Reviewed: February 20, 2011
Genre: Contemporary Romance
Series: American Heroes - The Firefighters, Book 1
Line: Harlequin Blaze
Rating: 4 Stars
Length: 224 Pages
Formats: Print, Ebook
Firefighter Zach Thomas felt the sort of attraction to New Hire Number Seven (also known as EMT Brooke O'Brian), that sparks blazes, and getting the buttoned up beauty to loosen up a little becomes his goal when he's between fires calls. A pretty young woman in town for a six week duty before she moves on seems perfect for the no-strings-allowed Zach. And that thought sticks with him...right up until he gets his first taste of Brooke and realizes with startling, sinking clarity that there's no way that one time only will be enough to put out his fire for her.
In town to settle and sell her recently deceased grandmother's house, footloose and rootless Brooke feels an instant connection to the house and the town of Santa Rey, California, and her first sight of the mouthwatering Zach Thomas leaves her hungry for more. It's not until Brooke finally lets her hair down with the sexy Zach, though, that she realizes that despite the one time only assurance she got from him, the conflagration between them is anything but contained, and for the first time the thought of leaving a town...leaves her cold.
As a serial arsonist ups the stakes and town politics keeps Zach from the investigation, the relationship between he and Brooke starts to burn out of control. If they're not careful, the next fire could flash over them both, leaving their hearts scorched and their lives forever charred in its aftermath.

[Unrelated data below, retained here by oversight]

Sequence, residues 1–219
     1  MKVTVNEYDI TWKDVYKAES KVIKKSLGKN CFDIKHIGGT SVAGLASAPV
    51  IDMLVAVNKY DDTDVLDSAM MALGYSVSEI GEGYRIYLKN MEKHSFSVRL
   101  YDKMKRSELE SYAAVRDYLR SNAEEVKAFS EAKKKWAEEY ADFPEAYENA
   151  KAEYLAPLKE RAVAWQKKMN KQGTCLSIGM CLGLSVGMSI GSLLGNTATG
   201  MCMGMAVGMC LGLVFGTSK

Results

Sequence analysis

Hot, fast, and sexy, this Harlequin Blaze by Jill Shalvis burns up the pages, but beneath the heat and the delicious chemistry is enough depth and character definition to satisfy me more than I was anticipating. Zach and Brooke were great together, and despite the shorter length Blaze novel, they were given enough backstory and development to be realistic and sympathetic.
I appreciated the arsonist plot thread, which added a nice layer of suspense, added a pleasant amount of pressure and conflict, and gave the story some balance. It was well conceived and developed nicely as the book progressed. That, along with a few ancillary plot threads surrounding secondary characters added much to this fiery little gem and made it far more robust.
I did feel the ending was a little abrupt and there sure were a lot of plot threads left dangling. I hadn't realized when I first read it that there is a follow-up book by Shalvis, Flashback, that picks up where this one left off, more or less, and features Zach's partner Aidan as the lead male character. Hopefully there are some answers to the many questions that were raised in Flashpoint, because while the romance between Zach and Brooke felt complete, the subplot of the arsonist definitely did not.
There was also quite a bit of repetition in the narrative concerning Brooke's feelings about her grandmother's house and the town. Her previous rootlessness and current growing attachment to the house, the burgeoning feeling of belonging, and the too-oft repeated fact that she's leaving at the end of the job (and we all know what that means) seemed to be on an endless loop that started to become distracting well before the midway point.
The sexual tension between Zach and Brooke, on the other hand, was exquisite as it was slowly brought to a boil and poured out over the pages with steamy intensity. I loved that aspect of the book, and was impressed by Shalvis' ability to stoke the fire, keep it hot and tense, and follow it to its natural, incendiary conclusion without once slipping. Zach and Brooke were total scorching reaching enjoyment for that reason alone. I enjoyed them, and look forward to seeing what Aidan has to offer when it's his turn.
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